6 Benefits of Offering Free Shipping. Conversions, Order Values and More!
Benefits of free shipping
“How much will the shipping cost?” And “When will my order arrive?” are decisive questions that determine whether a buyer will complete their purchase or not.
The modern-day online consumer is confident and shrewd, they expect free shipping and they expect rapid shipping and they will keep looking until they find the deal that they’re happy with. With more than 90% of U.S. based online consumers expecting a 2-3 day shipping time, and 30% expecting their orders to be shipped on the same day, online customers expect high standards of service.
When it comes to consumer purchasing behaviours, a 2021 Consumer Trends report found that 71% of consumers shopped around for the product they wanted to find the lowest shipping price. While 61% were happy to shop around for the product they wanted with the fastest possible shipping time. Free or low-cost shipping and fast shipping are two of the top five reasons why people shop online. And if these are not offered? People are happy to abandon their baskets and look elsewhere.
Unexpected shipping costs accounted for 25% of U.S. cart abandonments and having no express shipping available attributed another 4%. The global average abandonment rate in 2020 was 81%. With that in mind, your eCommerce business might want to consider a free shipping strategy. In the article below we will explore the considerations and benefits of offering your customers free shipping.
Free shipping isn’t ree
There are lots of benefits to offering free shipping, both to customers and merchants. But there are certain things that need considering before doing so. Why? Because free shipping isn’t free. At least not to merchants it’s not.
Depending on the type and size of the business selling items to customers, you may not be in a position to offer free shipping on all orders. This is especially so for retailers selling general merchandise, which includes high volume and low-cost items. Deciding at what order size to set your free shipping threshold may seem unimportant, but not it isn’t, and it’s far from arbitrary. Calculating the free shipping threshold should be a key component of your free shipping strategy, and one that holds a hidden benefit.
An important metric in this calculation is the median order value.
“Median is the midpoint of a frequency distribution over which there is an equal probability of being above or below it.”
To put it another way, if you know what your median order value is, half of all orders will be below, and the other half will be above.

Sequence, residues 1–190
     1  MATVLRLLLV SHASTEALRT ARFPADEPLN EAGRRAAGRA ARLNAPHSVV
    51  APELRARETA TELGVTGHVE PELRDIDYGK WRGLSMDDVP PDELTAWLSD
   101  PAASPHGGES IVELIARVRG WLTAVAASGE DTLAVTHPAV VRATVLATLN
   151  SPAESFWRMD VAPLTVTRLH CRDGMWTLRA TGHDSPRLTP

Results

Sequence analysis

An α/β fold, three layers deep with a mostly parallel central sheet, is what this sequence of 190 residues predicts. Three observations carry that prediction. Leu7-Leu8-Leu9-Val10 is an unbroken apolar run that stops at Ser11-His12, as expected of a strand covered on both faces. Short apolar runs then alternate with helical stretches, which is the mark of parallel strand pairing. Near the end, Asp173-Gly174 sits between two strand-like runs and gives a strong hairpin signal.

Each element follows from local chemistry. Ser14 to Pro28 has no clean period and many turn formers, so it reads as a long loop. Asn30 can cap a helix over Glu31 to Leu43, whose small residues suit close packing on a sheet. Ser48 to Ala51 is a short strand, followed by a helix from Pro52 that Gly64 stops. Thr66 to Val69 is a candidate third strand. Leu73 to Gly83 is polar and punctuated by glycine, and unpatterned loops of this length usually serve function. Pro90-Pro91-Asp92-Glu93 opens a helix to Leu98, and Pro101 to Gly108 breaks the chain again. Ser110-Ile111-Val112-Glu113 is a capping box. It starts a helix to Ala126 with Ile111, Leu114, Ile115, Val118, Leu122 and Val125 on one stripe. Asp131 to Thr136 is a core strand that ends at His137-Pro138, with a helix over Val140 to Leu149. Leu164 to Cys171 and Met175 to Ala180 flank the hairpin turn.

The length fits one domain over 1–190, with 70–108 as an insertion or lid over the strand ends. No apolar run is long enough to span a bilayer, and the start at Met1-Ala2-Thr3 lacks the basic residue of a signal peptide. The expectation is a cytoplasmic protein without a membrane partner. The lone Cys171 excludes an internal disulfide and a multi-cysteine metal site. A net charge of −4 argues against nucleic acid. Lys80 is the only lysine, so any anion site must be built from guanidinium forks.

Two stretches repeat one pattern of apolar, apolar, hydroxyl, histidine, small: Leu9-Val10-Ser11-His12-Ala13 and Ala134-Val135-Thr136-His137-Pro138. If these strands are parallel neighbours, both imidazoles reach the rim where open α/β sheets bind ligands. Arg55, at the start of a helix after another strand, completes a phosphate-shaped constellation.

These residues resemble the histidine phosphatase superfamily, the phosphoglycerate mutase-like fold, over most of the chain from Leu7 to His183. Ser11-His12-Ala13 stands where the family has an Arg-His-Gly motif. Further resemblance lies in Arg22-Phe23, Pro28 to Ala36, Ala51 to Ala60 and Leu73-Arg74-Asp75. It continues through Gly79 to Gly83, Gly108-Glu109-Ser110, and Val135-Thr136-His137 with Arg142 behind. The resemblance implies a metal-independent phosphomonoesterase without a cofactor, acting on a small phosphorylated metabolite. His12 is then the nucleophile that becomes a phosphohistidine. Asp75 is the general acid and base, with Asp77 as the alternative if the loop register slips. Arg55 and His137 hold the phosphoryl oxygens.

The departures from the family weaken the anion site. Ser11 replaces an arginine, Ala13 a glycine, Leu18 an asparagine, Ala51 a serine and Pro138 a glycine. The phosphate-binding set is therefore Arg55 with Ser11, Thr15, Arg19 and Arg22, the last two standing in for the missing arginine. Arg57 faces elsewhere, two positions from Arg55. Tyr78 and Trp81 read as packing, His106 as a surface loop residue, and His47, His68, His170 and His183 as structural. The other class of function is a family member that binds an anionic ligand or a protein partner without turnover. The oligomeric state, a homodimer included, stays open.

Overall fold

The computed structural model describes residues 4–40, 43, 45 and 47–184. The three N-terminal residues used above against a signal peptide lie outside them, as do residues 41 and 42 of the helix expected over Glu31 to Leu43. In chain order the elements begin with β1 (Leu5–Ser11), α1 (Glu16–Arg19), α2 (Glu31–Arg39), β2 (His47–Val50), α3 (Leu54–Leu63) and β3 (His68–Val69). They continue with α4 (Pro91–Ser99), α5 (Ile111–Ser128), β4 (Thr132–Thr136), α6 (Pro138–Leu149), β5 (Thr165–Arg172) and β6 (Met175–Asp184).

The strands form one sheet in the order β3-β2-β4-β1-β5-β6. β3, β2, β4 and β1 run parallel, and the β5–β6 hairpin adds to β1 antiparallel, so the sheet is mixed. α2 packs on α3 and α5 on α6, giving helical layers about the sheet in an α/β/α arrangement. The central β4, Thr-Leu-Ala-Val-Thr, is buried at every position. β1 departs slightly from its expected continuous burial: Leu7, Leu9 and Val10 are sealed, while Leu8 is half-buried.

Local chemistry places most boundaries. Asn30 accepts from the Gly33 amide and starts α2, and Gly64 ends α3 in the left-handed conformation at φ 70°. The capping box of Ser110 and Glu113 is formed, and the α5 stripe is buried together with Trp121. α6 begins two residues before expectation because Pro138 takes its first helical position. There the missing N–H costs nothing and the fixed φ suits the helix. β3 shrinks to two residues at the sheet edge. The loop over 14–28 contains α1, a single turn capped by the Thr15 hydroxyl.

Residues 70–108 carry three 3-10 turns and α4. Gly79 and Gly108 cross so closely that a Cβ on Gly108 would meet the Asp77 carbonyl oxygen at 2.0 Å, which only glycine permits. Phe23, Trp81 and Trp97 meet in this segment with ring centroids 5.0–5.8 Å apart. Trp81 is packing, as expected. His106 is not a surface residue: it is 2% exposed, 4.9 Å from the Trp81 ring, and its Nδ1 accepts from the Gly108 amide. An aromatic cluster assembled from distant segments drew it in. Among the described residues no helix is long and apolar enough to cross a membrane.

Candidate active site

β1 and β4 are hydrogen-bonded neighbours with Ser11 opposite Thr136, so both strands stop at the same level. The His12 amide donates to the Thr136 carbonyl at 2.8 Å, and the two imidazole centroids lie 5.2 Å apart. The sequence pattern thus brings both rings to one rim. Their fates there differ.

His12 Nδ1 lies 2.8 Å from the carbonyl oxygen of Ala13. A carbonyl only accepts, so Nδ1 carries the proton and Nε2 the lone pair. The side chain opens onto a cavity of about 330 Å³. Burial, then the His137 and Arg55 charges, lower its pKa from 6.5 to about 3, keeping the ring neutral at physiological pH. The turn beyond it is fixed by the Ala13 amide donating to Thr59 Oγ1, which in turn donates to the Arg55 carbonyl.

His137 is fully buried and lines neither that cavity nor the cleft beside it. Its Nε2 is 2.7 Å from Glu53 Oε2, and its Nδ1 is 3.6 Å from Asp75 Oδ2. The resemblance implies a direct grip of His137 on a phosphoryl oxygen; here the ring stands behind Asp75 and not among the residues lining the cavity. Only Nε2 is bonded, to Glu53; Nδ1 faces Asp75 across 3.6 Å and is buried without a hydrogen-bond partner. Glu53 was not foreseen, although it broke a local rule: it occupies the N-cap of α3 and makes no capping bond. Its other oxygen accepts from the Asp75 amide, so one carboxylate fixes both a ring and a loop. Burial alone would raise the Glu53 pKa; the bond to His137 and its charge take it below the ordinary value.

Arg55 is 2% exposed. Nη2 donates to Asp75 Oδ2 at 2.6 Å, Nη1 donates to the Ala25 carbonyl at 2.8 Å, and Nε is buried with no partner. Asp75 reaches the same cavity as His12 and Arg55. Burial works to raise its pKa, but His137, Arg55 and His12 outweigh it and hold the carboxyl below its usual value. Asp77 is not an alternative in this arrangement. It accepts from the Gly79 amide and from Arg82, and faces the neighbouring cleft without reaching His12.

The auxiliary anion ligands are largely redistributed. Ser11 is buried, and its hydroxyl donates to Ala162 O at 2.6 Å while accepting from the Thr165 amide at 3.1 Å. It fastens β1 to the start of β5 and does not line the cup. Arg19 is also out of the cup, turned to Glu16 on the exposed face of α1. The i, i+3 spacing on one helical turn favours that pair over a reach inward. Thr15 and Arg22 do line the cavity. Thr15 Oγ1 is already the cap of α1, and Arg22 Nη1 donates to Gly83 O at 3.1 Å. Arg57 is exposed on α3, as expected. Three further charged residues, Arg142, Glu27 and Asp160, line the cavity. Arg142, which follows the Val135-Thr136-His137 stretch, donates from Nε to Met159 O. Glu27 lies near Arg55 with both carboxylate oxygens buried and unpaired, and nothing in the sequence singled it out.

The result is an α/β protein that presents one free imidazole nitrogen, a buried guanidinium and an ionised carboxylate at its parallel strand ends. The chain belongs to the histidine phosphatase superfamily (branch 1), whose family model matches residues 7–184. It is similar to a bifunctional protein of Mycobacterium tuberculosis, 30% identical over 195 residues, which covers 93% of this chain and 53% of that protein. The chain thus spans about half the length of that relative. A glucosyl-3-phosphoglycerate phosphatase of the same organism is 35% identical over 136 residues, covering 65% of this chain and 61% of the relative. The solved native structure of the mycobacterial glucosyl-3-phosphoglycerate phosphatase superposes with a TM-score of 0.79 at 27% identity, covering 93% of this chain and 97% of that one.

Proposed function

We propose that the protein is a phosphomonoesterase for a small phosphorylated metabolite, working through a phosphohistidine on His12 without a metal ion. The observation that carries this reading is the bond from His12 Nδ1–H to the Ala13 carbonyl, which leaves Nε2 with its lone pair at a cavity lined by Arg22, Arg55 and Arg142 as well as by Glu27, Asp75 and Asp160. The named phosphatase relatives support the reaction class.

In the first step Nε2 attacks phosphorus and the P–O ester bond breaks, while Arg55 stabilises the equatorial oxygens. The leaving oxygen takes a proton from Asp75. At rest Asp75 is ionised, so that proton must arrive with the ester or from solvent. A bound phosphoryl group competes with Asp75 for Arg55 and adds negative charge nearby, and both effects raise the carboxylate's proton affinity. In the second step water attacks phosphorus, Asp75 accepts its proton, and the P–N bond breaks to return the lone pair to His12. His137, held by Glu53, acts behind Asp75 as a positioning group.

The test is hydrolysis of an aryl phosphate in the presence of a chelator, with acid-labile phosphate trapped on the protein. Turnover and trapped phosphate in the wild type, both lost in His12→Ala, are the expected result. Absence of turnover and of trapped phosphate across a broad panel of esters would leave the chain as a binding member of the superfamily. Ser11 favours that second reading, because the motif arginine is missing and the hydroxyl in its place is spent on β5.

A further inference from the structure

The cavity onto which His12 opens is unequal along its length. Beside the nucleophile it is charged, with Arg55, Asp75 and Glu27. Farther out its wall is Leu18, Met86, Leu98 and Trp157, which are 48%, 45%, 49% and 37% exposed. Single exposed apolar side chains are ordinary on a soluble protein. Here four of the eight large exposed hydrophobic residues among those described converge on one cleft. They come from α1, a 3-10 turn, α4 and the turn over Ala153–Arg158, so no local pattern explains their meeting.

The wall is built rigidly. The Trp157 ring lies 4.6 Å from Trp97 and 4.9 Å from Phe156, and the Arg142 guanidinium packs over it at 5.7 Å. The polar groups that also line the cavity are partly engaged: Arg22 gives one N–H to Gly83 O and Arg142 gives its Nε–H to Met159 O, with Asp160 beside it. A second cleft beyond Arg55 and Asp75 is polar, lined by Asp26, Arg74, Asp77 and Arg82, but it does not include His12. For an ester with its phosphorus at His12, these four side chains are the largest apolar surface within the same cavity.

It is also possible to use the average order value, (sum of all orders divided by the number of orders), however, if the business in question has a large distribution of product values, there may be outliers that skew your average. It would be wise to speak to a financial professional if you’re not sure.
Other items need to be considered also, but which are beyond the scope of this article, such as:
- Your standard shipping costs.
- Any other transactions fees, such as import/export duties.
- Credit card fees.
- The cost of the products, packaging and your profit margin.
Free shipping nudge – the first benefit
Using this information, the free shipping threshold can be used to provide a ‘nudge’ to your customers. Setting the free shipping basket amount at just the right point above your average order can mean increased sales. Your customers now have an incentive to purchase that one item extra or add in something they didn’t even know they needed…just to get that free shipping perk for their overall total order. Why would a customer pay £5 for shipping when then could add an extra item for that amount and receive something tangible in return?
Scores of online retailers operate in this way. Some provide an on-screen reminder, for example, “spend just £6.99 more to get free shipping”. There are lots of different ways to embed this feature into the shopping experience, through pop-ups or by suggesting related items that similar customers have included in their baskets.
This can be a lucrative and subtle way to boost revenues and encourage your customers to increase their basket size.
Customer loyalty and brand recognition – the second benefit
Again, free shipping is never free. But there are ways to offer this and still get something in return. For example, take Amazon and their Amazon Prime offer. They essentially sell free shipping to their customers, which sounds oxymoronic, but attracts 220 million people as of 2021.